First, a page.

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Letter: Lodi didn’t get water treatment plant right the first time around

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Posted: Thursday, February 13, 2014 12:00 am

The Regional Water Quality Control Board, from day one, has recommended cities use treated secondary wastewater for field irrigation as the preferred option when addressing water quality control requirements. Field irrigation doesn’t require advanced treatment of the wastewater effluent, permitting requirements are less stringent, and in effect operation and maintenance costs are less.

The $11.4 million project that the staff is now recommending is an option that should have been implemented years ago in conjunction with the wastewater treatment plant’s $30 million dollar expansion-upgrade, which could have saved millions of dollars in excessive equipment purchases — which will sit unused when field irrigation is implemented. This savings could have paid for the $11.4 million dollar irrigation system improvements.

The $30 million wastewater treatment plant expansion-upgrade included millions of dollars in additional equipment cost to add capacity in excess of the needs of the residents of the city. This excess capacity is for future development, and is a debt development owes.

Prior city leaders implemented developer impact fees to mitigate the impacts to the city’s infrastructure. Former City Manager Rad Bartlam recommended a seven-year reduction of developer impact fees, and council voted for and approved that reduction!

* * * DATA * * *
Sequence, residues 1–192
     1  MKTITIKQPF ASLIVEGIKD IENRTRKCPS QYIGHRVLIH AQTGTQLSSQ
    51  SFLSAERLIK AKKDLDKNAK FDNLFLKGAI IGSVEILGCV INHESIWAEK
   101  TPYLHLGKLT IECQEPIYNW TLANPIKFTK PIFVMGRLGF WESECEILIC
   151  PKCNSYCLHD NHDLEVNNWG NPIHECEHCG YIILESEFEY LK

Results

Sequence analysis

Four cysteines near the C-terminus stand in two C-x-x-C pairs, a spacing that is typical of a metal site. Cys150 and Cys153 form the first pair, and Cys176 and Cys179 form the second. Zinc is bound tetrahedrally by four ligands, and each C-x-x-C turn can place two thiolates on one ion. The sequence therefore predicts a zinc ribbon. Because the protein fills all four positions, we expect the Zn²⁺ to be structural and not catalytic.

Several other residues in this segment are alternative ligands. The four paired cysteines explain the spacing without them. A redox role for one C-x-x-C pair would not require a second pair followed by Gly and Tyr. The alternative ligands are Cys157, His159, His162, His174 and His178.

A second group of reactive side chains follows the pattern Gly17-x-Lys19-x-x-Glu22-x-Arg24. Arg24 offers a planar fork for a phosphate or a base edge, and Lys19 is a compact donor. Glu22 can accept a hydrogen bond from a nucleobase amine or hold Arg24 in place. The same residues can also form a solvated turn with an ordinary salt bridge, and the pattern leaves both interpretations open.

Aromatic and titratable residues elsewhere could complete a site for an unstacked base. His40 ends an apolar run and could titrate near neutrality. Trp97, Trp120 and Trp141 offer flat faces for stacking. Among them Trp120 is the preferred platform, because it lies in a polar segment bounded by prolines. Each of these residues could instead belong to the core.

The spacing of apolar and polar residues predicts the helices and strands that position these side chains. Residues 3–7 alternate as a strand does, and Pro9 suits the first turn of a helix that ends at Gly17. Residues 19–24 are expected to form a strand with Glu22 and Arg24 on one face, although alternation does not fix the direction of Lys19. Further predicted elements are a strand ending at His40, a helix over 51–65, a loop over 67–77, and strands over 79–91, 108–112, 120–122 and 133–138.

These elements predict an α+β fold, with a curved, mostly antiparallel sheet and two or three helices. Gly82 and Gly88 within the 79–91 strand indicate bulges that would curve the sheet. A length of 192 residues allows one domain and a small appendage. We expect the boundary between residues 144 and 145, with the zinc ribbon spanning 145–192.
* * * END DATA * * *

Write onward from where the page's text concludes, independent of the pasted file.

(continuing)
In all fairness, the council cannot increase utility rates on the residents of the city until the council first reinstates developer impact fees. Impact fees could fulfill the city’s need for increased revenue and eliminate the need to increase utility rates on the residents of the city.

In December, the council approved a utility rate increase that took effect Jan. 1, which was the last one of a four-year series of rate increase approved by the council.

Proposition 218 is another series of rate increases the council is considering that could increase utility rates by 3 percent each year for the next five years!

The cure for apathy is comprehension. It’s every citizen’s duty, and in their best interest, to become aware and involved in city government. We needn’t look far to see how indifference has affected other cities.

John Slaughterbach


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